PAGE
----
Subject(s)
Acute Coronary Syndrome/blood , Coronary Thrombosis/blood , Fibrin Clot Lysis Time , Fibrinolysis/physiology , Ischemic Stroke/blood , Thrombelastography , Thrombosis/blood , Venous Thrombosis/blood , Acute Coronary Syndrome/epidemiology , Arteries , COVID-19/blood , Coronary Thrombosis/epidemiology , Hematologic Tests , Humans , Ischemic Stroke/epidemiology , Myocardial Infarction/blood , Myocardial Infarction/epidemiology , Risk Assessment , SARS-CoV-2 , Thrombosis/epidemiology , Venous Thromboembolism/blood , Venous Thromboembolism/epidemiology , Venous Thrombosis/epidemiology
8.
PLoS One ; 15(12): e0243604, 2020.
Article in English | MEDLINE | ID: covidwho-977705

ABSTRACT

BACKGROUND: Coagulation abnormalities in COVID-19 patients have not been addressed in depth. OBJECTIVE: To perform a longitudinal evaluation of coagulation profile of patients admitted to the ICU with COVID-19. METHODS: Conventional coagulation tests, rotational thromboelastometry (ROTEM), platelet function, fibrinolysis, antithrombin, protein C and S were measured at days 0, 1, 3, 7 and 14. Based on median total maximum SOFA score, patients were divided in two groups: SOFA ≤ 10 and SOFA > 10. RESULTS: Thirty patients were studied. Some conventional coagulation tests, as aPTT, PT and INR remained unchanged during the study period, while alterations on others coagulation laboratory tests were detected. Fibrinogen levels were increased in both groups. ROTEM maximum clot firmness increased in both groups from Day 0 to Day 14. Moreover, ROTEM-FIBTEM maximum clot firmness was high in both groups, with a slight decrease from day 0 to day 14 in group SOFA ≤ 10 and a slight increase during the same period in group SOFA > 10. Fibrinolysis was low and decreased over time in all groups, with the most pronounced decrease observed in INTEM maximum lysis in group SOFA > 10. Also, D-dimer plasma levels were higher than normal reference range in both groups and free protein S plasma levels were low in both groups at baseline and increased over time, Finally, patients in group SOFA > 10 had lower plasminogen levels and Protein C ​​than patients with SOFA <10, which may represent less fibrinolysis activity during a state of hypercoagulability. CONCLUSION: COVID-19 patients have a pronounced hypercoagulability state, characterized by impaired endogenous anticoagulation and decreased fibrinolysis. The magnitude of coagulation abnormalities seems to correlate with the severity of organ dysfunction. The hypercoagulability state of COVID-19 patients was not only detected by ROTEM but it much more complex, where changes were observed on the fibrinolytic and endogenous anticoagulation system.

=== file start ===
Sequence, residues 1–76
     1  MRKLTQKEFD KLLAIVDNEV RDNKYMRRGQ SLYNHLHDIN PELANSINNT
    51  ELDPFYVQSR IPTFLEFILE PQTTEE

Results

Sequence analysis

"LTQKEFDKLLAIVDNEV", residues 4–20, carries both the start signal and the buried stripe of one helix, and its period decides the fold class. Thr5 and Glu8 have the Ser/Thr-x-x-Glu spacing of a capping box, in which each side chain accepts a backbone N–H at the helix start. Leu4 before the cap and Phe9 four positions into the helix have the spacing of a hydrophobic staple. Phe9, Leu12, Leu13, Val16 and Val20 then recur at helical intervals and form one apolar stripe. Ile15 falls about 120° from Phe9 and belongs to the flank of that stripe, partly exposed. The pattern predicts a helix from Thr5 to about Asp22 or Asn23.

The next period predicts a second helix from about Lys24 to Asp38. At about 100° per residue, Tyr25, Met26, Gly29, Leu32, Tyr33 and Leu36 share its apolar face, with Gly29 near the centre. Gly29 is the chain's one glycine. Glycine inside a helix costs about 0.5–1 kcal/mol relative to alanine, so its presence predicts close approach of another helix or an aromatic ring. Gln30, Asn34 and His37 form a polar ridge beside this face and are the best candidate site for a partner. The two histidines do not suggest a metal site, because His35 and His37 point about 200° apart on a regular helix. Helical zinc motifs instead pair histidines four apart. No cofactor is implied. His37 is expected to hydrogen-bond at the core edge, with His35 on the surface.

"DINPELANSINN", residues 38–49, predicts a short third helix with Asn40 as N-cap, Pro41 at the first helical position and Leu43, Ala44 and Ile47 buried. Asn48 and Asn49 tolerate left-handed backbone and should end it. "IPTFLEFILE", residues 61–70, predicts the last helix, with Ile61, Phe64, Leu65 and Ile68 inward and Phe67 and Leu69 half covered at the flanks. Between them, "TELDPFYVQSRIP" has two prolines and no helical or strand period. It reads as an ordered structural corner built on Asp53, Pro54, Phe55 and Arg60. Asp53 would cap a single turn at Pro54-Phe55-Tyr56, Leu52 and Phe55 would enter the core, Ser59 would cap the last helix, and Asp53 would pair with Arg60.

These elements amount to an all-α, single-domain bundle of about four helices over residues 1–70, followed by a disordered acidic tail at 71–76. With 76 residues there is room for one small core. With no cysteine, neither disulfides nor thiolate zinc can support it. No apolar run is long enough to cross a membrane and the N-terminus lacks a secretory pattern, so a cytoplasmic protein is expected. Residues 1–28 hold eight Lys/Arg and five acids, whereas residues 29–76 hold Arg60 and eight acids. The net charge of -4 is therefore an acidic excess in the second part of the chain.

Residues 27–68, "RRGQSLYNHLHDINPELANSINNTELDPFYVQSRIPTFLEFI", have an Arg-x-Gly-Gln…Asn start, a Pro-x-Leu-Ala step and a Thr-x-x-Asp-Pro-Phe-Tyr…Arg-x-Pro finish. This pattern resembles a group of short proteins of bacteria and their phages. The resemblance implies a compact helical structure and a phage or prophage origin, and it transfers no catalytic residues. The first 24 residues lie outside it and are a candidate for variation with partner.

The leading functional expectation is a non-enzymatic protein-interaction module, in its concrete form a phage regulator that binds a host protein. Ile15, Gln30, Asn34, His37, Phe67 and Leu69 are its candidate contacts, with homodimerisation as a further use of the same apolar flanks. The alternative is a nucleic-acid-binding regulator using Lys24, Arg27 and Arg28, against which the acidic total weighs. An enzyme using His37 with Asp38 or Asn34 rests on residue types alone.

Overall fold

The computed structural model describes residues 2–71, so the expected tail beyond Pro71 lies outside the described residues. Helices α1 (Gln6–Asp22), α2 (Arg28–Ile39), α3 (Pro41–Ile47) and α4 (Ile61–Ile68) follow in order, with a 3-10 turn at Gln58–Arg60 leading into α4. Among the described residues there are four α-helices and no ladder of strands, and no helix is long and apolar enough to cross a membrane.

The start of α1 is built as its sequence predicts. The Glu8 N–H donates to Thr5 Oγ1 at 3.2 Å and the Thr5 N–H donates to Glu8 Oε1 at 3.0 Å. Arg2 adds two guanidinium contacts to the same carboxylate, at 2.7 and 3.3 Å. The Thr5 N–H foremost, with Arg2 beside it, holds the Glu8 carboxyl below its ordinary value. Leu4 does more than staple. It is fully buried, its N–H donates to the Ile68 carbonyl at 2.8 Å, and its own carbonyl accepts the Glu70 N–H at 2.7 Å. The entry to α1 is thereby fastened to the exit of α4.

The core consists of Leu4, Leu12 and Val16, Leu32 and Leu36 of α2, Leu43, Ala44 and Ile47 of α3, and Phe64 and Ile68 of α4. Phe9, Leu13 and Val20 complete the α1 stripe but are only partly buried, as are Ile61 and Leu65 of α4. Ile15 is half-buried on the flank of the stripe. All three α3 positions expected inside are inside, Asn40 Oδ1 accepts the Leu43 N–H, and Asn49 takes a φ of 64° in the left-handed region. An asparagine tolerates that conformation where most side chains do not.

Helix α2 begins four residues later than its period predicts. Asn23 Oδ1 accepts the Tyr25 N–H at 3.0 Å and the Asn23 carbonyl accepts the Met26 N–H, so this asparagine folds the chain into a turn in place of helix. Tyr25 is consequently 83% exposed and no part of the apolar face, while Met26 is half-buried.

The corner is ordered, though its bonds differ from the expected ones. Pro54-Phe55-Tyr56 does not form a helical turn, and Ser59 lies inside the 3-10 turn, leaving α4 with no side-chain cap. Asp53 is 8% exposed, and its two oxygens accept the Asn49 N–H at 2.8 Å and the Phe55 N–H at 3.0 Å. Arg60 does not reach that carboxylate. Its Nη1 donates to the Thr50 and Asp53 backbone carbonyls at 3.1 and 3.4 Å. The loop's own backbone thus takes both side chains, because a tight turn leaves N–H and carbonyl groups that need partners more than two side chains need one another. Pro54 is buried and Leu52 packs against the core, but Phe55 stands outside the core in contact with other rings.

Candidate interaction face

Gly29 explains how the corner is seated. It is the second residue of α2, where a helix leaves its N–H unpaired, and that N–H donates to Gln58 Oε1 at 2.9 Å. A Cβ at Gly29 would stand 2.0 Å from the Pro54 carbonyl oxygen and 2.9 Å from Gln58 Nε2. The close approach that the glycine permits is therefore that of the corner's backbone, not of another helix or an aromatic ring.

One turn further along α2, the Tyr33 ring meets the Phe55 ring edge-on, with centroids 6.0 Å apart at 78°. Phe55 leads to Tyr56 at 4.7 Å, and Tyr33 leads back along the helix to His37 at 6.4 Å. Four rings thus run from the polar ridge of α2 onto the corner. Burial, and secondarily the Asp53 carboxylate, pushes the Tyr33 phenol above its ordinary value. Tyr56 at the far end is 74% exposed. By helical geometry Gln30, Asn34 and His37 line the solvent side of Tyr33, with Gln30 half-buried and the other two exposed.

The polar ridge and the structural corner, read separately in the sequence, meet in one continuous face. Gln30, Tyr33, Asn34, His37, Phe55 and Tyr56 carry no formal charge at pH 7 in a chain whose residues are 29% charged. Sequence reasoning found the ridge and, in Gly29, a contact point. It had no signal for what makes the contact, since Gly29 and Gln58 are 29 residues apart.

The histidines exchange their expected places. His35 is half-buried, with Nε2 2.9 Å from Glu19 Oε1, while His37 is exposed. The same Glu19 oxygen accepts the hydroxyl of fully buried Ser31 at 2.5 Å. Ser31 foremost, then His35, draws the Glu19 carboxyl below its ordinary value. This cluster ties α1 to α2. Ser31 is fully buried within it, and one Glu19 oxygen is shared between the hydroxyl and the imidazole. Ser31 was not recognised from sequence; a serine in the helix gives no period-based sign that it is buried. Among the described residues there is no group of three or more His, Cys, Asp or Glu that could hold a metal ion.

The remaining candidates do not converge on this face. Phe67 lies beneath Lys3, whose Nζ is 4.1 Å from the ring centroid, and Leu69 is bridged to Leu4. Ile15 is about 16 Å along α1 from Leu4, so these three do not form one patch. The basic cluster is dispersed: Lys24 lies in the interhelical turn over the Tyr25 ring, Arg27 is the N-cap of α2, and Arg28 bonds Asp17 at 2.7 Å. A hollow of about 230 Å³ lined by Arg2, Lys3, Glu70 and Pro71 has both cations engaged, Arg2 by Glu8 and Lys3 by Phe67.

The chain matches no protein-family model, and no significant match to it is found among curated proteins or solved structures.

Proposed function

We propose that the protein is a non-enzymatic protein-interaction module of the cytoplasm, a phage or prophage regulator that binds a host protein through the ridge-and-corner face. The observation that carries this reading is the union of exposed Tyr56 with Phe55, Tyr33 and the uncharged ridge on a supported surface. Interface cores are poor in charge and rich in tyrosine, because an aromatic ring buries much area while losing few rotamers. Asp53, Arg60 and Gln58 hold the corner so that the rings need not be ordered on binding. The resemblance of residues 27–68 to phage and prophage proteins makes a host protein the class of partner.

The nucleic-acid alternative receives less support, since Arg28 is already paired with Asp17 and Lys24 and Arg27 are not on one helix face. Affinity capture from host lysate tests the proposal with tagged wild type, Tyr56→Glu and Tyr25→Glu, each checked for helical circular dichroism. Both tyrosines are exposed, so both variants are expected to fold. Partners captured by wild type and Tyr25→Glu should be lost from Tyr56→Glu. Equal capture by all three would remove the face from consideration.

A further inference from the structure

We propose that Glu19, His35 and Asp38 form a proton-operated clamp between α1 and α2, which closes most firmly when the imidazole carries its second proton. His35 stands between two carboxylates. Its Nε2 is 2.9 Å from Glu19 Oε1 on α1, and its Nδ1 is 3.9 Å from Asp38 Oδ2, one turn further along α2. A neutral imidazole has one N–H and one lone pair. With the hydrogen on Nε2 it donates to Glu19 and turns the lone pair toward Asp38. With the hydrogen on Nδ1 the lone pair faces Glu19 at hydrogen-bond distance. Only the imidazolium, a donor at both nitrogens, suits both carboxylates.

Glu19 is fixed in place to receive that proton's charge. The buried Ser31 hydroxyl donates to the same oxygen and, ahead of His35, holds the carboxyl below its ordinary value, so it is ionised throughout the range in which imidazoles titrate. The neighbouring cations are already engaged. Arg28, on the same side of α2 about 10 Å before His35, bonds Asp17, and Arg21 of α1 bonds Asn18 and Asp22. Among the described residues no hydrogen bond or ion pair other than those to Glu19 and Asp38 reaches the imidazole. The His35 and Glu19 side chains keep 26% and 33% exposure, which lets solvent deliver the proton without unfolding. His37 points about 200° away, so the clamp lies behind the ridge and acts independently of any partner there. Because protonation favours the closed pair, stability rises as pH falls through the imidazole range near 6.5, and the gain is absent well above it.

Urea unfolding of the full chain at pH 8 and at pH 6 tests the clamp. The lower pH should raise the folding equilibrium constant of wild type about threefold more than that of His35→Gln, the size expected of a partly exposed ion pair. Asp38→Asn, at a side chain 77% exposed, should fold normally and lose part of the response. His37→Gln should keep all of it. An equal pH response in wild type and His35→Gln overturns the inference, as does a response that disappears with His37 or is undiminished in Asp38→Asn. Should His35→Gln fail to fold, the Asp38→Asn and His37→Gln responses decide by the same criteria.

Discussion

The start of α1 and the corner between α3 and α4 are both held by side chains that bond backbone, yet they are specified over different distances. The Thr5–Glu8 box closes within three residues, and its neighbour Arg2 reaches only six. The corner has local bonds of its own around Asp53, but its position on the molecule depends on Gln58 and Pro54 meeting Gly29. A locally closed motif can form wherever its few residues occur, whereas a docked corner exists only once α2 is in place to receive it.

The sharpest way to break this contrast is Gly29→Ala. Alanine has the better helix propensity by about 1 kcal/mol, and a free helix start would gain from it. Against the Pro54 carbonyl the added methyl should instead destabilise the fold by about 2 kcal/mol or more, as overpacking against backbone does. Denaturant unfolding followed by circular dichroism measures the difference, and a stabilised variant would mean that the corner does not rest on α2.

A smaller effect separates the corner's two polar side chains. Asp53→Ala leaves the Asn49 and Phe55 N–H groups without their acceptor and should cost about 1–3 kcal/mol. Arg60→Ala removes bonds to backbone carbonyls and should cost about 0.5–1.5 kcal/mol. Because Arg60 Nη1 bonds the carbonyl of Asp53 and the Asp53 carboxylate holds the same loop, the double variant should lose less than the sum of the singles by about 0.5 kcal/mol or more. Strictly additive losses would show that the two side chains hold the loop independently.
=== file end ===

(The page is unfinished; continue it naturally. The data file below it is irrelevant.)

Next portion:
Subject(s)
COVID-19/blood , COVID-19/physiopathology , Intensive Care Units , SARS-CoV-2/pathogenicity , Aged , Aged, 80 and over , Antithrombins/blood , Blood Coagulation Tests , COVID-19/diagnosis , COVID-19/virology , Female , Fibrinolysis/physiology , Humans , Male , Middle Aged , Platelet Function Tests/methods , Protein C/metabolism , Protein S/metabolism , Thrombelastography/methods